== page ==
By: Donald P. Wagner
Buchalter Nemer Points & Authorities, August 2016
Government is becoming more intrusive. At the state and federal levels, a host of agencies and departments continuously create new rules for us to live by. At the more local levels, our cities and counties have regulations and ordinances that increasingly control how and what we can do with our businesses, our homes, and our private property.
All too often, those intrusive rules and regulations frustrate a client’s legitimate business or personal interests. But the old adage that you can’t fight city hall is mostly true, and applies also to fighting governments and their bureaucracies at those different levels. So how can a lawyer help a client when faced with a growing body of unhelpful government rules?
Fortunately, not all legal problems require a lawsuit to fix. Litigation is the default way attorneys seek to resolve those problems. Lawyers naturally turn to the courts to deal with them. But sometimes, there is another way. Try to change the law.
Attorneys should think about this alternative, and clients should ask about it.
There is a simple reason why court challenges to a city or county ordinance, or to an administrative regulation, are frequently unsuccessful: The rules are written in such a way as to favor the government when its acts are challenged in court. Only if the challenged ordinance or regulation violates some controlling law—say the federal or state constitution or a governing statute—should the legal challenge succeed. And, frankly, only rarely do careful and competently advised government entities so sloppily draw an ordinance or regulation. If the unhelpful government action is legitimately passed, i.e., with proper notice and a sufficient vote, and the action is within the government’s appropriate jurisdiction, then the action probably withstands a court challenge. Indeed it should survive since the courts exist to enforce, not change, the law.
But if the court cannot change the law, why not instead go to the government entity that can?
The First Amendment famously protects the freedoms of speech and religion. But it does more. It also protects the right of the people to petition their government for redress of grievances. Thus, when faced with an ordinance or statute that frustrates a client’s goals, rather than reflexively filing a lawsuit, a lawyer should consider whether first simply to “petition” the government to change that frustrating law.There is a slightly pejorative word for this—lobbying—but it is constitutionally protected as a valuable American right.
A successful lobbying effort unfortunately is not as simple as the textbook civics lessons might suggest. It requires much more than going to a meeting of the government agency, for example, a city council or board of supervisors meeting, and asking for the change during the public comments. Most of those presentations frankly are haphazard and do not effectively engage policy makers. Moreover, California’s open meeting law, the Brown Act, actually limits that opportunity for the public officials to engage. Local elected officials in fact are frequently instructed by their own attorneys not to respond to public comments during agendized meetings. And finally, it is difficult in the short time usually available for public comments to adequately raise and thoroughly address the concerns that would actually influence local elected officials to make a change in the law.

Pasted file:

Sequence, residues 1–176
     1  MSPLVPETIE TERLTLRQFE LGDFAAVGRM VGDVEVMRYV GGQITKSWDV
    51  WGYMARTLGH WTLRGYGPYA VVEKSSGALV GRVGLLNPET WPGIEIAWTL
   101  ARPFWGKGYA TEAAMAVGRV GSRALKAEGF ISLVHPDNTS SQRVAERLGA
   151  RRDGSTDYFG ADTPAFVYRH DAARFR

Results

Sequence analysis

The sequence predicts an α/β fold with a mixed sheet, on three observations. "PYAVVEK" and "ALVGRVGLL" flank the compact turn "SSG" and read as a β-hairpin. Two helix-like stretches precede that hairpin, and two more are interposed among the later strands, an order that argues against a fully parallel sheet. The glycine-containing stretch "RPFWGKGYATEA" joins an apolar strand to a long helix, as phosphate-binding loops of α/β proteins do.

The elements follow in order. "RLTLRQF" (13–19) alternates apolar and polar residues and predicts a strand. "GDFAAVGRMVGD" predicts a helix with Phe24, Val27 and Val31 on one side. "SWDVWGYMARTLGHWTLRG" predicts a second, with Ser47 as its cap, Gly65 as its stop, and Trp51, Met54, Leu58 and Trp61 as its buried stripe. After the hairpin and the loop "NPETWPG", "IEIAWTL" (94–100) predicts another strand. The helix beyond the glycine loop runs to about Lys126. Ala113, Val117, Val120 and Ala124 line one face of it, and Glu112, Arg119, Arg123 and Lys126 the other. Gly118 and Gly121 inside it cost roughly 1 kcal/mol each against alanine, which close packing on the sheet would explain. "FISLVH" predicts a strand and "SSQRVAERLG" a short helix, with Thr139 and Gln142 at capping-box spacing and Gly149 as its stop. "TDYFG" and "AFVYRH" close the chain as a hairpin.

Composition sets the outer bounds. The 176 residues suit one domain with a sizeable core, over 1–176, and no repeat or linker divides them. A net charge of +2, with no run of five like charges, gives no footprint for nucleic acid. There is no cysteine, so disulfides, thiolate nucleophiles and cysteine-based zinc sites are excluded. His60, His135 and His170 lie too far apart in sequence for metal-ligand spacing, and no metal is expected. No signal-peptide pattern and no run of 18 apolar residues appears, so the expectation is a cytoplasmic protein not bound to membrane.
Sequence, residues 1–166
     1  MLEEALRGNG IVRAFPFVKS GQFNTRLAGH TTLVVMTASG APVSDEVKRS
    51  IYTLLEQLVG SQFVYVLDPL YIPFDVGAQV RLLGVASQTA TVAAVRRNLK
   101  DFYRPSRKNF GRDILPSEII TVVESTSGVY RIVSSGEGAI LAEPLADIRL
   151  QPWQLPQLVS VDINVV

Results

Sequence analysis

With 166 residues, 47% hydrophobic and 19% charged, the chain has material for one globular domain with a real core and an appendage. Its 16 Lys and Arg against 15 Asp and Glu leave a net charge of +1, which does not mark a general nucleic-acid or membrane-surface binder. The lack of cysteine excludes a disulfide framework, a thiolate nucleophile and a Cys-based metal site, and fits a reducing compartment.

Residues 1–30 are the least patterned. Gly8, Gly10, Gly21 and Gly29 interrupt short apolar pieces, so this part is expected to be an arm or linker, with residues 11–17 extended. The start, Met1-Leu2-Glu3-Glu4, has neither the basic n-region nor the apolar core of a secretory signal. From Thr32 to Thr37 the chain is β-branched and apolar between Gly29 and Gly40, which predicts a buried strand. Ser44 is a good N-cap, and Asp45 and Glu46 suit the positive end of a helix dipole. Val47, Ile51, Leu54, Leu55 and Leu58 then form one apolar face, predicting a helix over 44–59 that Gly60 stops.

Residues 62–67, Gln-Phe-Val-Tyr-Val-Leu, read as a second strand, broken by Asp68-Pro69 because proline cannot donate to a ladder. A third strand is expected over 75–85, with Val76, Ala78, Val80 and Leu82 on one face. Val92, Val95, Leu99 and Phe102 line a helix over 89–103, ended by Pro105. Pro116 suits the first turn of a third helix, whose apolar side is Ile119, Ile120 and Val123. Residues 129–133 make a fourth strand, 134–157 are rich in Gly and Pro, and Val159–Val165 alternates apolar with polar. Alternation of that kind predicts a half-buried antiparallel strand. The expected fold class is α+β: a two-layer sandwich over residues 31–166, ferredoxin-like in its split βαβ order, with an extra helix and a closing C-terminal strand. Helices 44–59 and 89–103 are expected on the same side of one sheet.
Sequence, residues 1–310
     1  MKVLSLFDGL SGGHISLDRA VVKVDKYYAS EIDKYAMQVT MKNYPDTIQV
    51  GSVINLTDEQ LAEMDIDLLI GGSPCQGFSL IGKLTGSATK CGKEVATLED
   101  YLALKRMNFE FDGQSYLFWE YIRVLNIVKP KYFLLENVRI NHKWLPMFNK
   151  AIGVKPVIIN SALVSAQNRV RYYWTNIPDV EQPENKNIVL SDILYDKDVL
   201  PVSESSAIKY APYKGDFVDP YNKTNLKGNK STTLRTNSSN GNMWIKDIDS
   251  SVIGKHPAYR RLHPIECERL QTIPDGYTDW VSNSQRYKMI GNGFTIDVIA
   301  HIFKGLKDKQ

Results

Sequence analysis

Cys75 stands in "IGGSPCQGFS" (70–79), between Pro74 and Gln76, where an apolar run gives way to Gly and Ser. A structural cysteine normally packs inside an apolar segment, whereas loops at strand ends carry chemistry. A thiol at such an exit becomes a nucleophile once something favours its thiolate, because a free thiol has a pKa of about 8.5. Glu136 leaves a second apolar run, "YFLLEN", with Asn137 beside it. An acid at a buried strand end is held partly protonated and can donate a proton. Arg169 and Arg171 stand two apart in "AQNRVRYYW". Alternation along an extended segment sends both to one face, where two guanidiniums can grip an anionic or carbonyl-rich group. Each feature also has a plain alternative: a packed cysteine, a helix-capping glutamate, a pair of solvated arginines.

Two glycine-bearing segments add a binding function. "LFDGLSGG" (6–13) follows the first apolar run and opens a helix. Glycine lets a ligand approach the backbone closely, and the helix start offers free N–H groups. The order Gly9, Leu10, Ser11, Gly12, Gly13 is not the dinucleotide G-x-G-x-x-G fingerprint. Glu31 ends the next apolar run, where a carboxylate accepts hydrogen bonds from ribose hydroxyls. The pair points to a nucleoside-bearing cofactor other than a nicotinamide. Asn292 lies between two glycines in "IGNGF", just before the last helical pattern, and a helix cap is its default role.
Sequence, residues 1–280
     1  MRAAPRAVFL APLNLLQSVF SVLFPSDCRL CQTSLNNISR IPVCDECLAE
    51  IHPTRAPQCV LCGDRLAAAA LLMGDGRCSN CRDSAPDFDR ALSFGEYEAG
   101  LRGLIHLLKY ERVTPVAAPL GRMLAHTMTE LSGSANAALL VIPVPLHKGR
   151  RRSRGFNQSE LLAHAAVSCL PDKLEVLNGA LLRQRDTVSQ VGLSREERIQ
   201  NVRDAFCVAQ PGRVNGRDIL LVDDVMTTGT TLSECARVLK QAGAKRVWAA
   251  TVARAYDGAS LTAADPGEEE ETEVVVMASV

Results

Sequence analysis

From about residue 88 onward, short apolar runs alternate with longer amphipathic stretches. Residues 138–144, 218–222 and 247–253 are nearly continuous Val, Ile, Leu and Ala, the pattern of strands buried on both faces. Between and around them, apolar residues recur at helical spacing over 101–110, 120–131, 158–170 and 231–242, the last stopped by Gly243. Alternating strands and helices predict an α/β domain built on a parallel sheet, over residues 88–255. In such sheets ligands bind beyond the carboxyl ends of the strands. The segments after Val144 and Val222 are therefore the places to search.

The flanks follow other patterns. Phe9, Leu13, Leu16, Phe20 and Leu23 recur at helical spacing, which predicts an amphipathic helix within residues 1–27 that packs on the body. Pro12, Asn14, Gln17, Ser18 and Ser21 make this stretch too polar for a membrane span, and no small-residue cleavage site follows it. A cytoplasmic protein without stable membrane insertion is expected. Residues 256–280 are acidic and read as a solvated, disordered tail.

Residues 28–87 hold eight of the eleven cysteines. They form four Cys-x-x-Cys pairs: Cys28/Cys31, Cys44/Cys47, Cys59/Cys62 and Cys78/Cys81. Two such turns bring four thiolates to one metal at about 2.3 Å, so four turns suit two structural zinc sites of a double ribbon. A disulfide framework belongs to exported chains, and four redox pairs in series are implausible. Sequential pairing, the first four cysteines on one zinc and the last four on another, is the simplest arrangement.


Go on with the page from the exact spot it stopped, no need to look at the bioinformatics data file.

Instead, a serious effort to lobby for a change in an ordinance or statute requires not just access to the targeted official or officials, but an understanding of the law, economics, and politics that public officials will consider in deciding whether to change the law. That takes time, experience, and much thought to develop. Done correctly, a lobbying job is best approached as one would prepare for a court hearing. Evidence, “witnesses,” and policy arguments are required to defend the underlying policy change the client wants to make. But this is a “hearing” with a crucial difference.
Public officials are not judges and react to different pressures than do judges in a court hearing. The effective lobbyist understands this. Because elected officials are charged with making the law, not merely enforcing it, the proposed change must be one that the official believes is in the public’s best interest and can be defended to the public, most obviously at election time. An experienced and professional lobbyist will anticipate this and be prepared to explain why the proposed change is in the public good.
In short, a successful lobbying effort will not be the one with the most evidence to win in a court. It will be the one that achieves a public policy goal that the official is willing to stand behind in the court of public opinion.
Finally, an important warning: Many jurisdictions have detailed rules governing lobbyists. Often, a lobbyist must be registered, pay a fee for the privilege of being registered, and make certain financial disclosures. These rules vary from jurisdiction to jurisdiction. Additionally, some activity might be considered lobbying by one government entity and not lobbying by another. It is necessary for any attorney who wants to petition a government to change the law, rather than go to court to force that change, to know those rules of lobbying and stay within them. This will avoid personal liability and improve the chances of success.